Lipids

, Volume 36, Issue 9, pp 885–895

Essential fatty acids in visual and brain development

  • Ricardo Uauy
  • Dennis R. Hoffman
  • Patricio Peirano
  • David G. Birch
  • Eileen E. Birch
Article

DOI: 10.1007/s11745-001-0798-1

Cite this article as:
Uauy, R., Hoffman, D.R., Peirano, P. et al. Lipids (2001) 36: 885. doi:10.1007/s11745-001-0798-1

Abstract

Essential fatty acids are structural components of all tissues and are indispensable for cell membrane synthesis; the brain, retina and other neural tissues are particularly rich in long-chain polyunsaturated fatty acids (LC-PUFA). These fatty acids serve as specific precursors for eicosanoids, which regulate numerous cell and organ functions. Recent human studies support the essential nature of n-3 fatty acids in addition to the well-established role of n−6 essential fatty acids in humans, particularly in early life. The main findings are that light sensitivity of retinal rod photoreceptors is significantly reduced in newborns with n−3 fatty acid deficiency, and that docosahexaenoic acid (DHA) significantly enhances visual acuity maturation and cognitive functions. DHA is a conditionally essential nutrient for adequate neurodevelopment in humans. Comprehensive clinical studies have shown that dietary supplementation with marine oil or single-cell oil sources of LC-PUFA results in increased blood levels of DHA and arachidonic acid, as well as an associated improvement in visual function in formula-fed infants matching that of human breast-fed infants. The effect is mediated not only by the known effects on membrane biophysical properties, neurotransmitter content, and the corresponding electrophysiological correlates but also by a modulating gene expression of the developing retina and brain. Intracellular fatty acids or their metabolites regulate transcriptional activation of gene expression during adipocyte differentiation and retinal and nervous system development. Regulation of gene expression by LC-PUFA occurs at the transcriptional level and may be mediated by nuclear transcription factors activated by fatty acids. These nuclear receptors are part of the family of steroid hormone receptors. DHA also has significant effects on photoreceptor membranes and neurotransmitters involved in the signal transduction process; rhodopsin activation, rod and cone development, neuronal dendritic connectivity, and functional maturation of the central nervous system.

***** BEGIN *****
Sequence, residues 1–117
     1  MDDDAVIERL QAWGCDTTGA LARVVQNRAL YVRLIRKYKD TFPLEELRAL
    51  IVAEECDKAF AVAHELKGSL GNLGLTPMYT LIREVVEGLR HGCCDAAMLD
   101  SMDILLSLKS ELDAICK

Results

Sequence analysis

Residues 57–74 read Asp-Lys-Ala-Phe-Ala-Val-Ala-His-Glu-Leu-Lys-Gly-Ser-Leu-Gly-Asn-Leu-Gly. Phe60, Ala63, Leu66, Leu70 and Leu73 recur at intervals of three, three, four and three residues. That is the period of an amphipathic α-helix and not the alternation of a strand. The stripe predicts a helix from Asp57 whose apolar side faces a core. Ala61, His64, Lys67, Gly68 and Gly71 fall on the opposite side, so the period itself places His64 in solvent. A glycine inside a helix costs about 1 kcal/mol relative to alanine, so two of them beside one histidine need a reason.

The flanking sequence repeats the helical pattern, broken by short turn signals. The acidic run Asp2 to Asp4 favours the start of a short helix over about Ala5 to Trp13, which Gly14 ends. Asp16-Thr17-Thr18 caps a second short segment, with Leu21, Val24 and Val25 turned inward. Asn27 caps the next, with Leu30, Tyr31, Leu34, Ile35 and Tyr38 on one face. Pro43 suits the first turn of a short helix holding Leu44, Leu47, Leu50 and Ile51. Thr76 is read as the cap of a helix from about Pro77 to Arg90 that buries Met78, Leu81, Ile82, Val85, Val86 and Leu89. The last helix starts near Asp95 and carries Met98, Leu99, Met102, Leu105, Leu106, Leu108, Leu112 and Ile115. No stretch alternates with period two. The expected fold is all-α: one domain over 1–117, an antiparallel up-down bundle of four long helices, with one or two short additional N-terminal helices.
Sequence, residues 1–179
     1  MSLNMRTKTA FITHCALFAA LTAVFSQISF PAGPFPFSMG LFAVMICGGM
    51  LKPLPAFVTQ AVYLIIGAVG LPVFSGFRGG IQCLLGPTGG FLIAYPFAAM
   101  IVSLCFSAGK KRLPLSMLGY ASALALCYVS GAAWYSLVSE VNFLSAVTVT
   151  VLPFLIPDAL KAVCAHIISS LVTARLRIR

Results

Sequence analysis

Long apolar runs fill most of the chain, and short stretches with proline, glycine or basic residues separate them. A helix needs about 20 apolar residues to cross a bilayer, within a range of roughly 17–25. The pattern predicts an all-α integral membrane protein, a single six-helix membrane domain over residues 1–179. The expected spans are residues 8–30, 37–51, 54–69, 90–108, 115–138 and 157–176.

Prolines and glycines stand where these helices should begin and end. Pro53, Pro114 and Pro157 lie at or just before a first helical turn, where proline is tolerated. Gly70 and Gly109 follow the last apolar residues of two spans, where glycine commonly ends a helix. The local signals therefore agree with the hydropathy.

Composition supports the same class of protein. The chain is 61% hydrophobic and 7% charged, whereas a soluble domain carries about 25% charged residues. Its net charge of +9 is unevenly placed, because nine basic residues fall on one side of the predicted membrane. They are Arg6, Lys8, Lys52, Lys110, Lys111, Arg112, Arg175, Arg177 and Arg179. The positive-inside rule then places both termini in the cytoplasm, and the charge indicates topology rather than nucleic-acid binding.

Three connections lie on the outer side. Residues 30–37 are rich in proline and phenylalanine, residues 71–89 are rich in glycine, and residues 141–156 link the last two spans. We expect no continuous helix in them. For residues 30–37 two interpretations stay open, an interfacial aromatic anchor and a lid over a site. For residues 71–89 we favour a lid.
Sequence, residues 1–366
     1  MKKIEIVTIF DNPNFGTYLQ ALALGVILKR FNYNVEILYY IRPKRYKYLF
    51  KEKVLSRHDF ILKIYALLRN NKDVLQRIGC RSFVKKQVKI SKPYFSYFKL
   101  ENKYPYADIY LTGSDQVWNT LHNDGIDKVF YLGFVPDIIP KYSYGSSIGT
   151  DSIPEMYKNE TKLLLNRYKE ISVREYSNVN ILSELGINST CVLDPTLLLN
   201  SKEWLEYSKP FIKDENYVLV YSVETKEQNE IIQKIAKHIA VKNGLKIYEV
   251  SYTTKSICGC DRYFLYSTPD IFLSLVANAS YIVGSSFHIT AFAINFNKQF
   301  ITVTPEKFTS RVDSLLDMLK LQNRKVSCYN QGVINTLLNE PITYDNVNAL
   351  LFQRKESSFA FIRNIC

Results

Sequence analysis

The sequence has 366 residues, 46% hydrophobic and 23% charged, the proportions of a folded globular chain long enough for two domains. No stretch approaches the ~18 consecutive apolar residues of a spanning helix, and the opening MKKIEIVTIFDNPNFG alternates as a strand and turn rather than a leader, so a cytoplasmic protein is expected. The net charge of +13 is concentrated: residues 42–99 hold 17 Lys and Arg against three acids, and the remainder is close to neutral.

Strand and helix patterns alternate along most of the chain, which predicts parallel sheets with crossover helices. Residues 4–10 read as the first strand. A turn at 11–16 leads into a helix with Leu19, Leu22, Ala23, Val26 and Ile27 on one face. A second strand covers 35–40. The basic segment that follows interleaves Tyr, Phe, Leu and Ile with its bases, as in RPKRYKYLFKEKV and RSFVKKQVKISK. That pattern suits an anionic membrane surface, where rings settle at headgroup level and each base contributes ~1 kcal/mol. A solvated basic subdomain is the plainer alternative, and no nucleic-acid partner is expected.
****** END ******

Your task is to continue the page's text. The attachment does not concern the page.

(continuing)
Abbreviations

AA

arachidonic acid (20∶4n−6)

ABER

auditory brainstemevoked response

ALA

α-linolenic acid (18∶3n−3)

CNS

central nervous system

DHA

docosahexaenoic acid (22∶6n−3)

EFA

essential fatty acid

ERG

electroretinogram

FA

fatty acids

FPL

forced-choice preferential looking

GLA

γ-linolenic acid (18∶3n−6)

LA

linoleic acid (18∶2n−6)

LC-PUFA

long-chain polyunsaturated fatty acids

MI

metarhodopsin I

M II

metarhodopsin II

MDI

Mental Development Index

PC

phosphatidylcholine

PPAR

peroxisome proliferator-activated receptor

PUFA

polyunsaturated fatty acid

RBC

red blood cell

RxR

retinoic acid receptor

TR

thyroxine receptor

VEP

visual-evoked potential

Copyright information

© AOCS Press 2001

Authors and Affiliations

  • Ricardo Uauy
    • 1
    • 2
  • Dennis R. Hoffman
    • 2
  • Patricio Peirano
    • 1
  • David G. Birch
    • 2
  • Eileen E. Birch
    • 2
  1. 1.Institute of Nutrition and Food Technology (INTA)University of ChileSantiagoChile
  2. 2.Retina Foundation of the SouthwestDallas

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